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Laurel's Whitney Wiggins dances her way to the NBA

DanceBasketballNBABrooklyn NetsPaul Pierce

Whitney Wiggins attended Laurel High School for a year and then enrolled in the Duke Ellington School for the Arts in Washington.

But after two years at Ellington she headed for the small central Virginia town of Lynchburg. That move helped propel her to a career in New York City.

As a senior at E.C. Glass High, a public school in Lynchburg, she enrolled in the Virginia School for the Arts on a partial scholarship. She was a long way from home and did not know anyone when she headed to Virginia.

"You are far away from your family, living in a house with a bunch of girls from all over," said Wiggins. "Maryland is more fast-paced. Lynchburg is a lot slower."

"She was the only black female in the group," said her mother, Althea. There were about 30 students in the Glass program, mostly women.

Wiggins eventually moved to the Big Apple after high school and studied with Alvin Ailey American Dance Theater. She graduated last year and is certified to teach dance as well as perform as an Alvin Ailey graduate.

And earlier this year she was named to the roster of the dance team for the Brooklyn Nets, a member of the National Basketball Association.

Wiggins had tried out but did not make the team prior to the 2012-13 season.

"I went back again this year and tried again," she said. "Out of about 300, I made the final round of 20. There are 20 on the team and 12 members per game."

Wiggins, 22, knows a little bit about basketball. Her boyfriend, Rodney Epperson, played basketball at St. John's University in New York and in pro leagues in France and the Dominican Republic. "I have become more and more informed," she says of hoops.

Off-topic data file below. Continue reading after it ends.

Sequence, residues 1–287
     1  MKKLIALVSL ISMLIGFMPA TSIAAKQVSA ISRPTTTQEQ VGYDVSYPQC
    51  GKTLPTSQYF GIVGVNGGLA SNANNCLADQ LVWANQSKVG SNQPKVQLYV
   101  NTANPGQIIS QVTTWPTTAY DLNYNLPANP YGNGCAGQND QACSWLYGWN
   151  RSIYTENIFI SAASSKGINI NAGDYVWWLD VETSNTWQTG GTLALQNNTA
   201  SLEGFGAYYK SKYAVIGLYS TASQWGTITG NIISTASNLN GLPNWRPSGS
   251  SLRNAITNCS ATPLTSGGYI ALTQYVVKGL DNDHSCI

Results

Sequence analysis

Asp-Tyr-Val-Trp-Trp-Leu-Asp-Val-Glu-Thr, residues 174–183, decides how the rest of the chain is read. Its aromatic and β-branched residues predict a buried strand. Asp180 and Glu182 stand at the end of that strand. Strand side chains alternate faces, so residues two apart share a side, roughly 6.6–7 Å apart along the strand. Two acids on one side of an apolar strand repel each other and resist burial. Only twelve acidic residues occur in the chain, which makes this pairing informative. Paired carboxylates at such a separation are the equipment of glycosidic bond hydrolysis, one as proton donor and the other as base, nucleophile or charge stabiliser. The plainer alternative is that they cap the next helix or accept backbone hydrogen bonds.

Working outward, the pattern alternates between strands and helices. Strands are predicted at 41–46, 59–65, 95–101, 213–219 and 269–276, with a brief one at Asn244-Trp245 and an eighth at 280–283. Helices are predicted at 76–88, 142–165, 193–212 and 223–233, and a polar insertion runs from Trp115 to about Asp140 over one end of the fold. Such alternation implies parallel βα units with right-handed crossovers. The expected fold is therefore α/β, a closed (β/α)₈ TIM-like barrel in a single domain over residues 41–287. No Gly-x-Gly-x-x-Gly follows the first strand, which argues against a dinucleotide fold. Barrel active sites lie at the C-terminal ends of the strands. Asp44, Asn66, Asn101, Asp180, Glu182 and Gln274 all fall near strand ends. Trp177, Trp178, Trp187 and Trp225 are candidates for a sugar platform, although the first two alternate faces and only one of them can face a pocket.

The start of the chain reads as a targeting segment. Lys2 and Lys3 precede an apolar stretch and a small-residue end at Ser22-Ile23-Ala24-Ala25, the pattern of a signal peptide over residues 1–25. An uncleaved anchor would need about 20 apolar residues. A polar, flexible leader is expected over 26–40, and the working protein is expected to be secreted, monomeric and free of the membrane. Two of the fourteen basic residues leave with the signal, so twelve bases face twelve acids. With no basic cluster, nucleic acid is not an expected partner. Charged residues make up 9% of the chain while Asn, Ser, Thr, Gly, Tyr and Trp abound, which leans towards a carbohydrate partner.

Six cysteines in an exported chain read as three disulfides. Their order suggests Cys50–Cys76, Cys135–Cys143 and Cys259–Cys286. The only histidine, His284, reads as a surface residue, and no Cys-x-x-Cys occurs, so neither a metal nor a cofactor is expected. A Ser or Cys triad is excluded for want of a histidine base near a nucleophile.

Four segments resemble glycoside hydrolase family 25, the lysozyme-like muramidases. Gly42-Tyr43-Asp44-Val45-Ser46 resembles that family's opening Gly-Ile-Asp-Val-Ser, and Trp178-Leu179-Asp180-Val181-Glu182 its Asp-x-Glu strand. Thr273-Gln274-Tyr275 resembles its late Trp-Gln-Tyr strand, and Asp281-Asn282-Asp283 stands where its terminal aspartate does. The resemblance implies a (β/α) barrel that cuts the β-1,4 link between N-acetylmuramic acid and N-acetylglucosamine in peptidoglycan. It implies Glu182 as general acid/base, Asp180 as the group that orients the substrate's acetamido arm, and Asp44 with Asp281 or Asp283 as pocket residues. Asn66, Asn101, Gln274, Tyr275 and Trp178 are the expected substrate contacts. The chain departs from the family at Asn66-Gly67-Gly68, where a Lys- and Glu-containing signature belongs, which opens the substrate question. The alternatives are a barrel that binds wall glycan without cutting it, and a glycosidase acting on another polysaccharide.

The Nets now play their home games in the Barclays Center, and tryouts for the dance team were held at Long Island University in Brooklyn.

"Whitney's strong technical background is one of the reasons we felt she would make a great Brooklynette," Adar Wellington, coach of the Brooklynettes, said in a statement. "We look for women who are athletic dancers, technically trained and diverse in many styles of dance. At auditions, Whitney proved she has what it takes. I can't wait to work with her this season."

Wiggins said she is looking forward to being a member of the Brooklynettes. Members of the team come from various backgrounds and try to attend as many of the 41 home games as possible, working around schedules in other lines of work or class schedules.

"I think it will be interesting. Our lives are about to change," said Wiggins, whose parents live in Laurel. "I am really trying to focus on what they brought me in for. They are always looking for a good look: fresh face, nice hair, good skin, nice body tone. They like very strong dancers, and a great smile."

And it could be an exciting year on the court as the Nets have added NBA veterans Paul Pierce, Kevin Garnett and Andrei Kirilenko to the roster since the end of last season and hired Jason Kidd, a former NBA star, as the new head coach.

In addition to the dance team, Wiggins works out with a personal trainer, Troy Brooks, and takes ballet classes.

Wiggins, who attended Laurel Elementary, was 7 when she took her first dance class at Fort Meade. Her mother gave her the option of cheerleading or taking dance classes.

"I was just going since my mother signed me up for it," she said. "I was really behind since I had never danced before. I was really distraught about it. ... After a year they moved me up to kids my age. I was so happy and felt so accomplished."

Copyright © 2014, The Baltimore Sun
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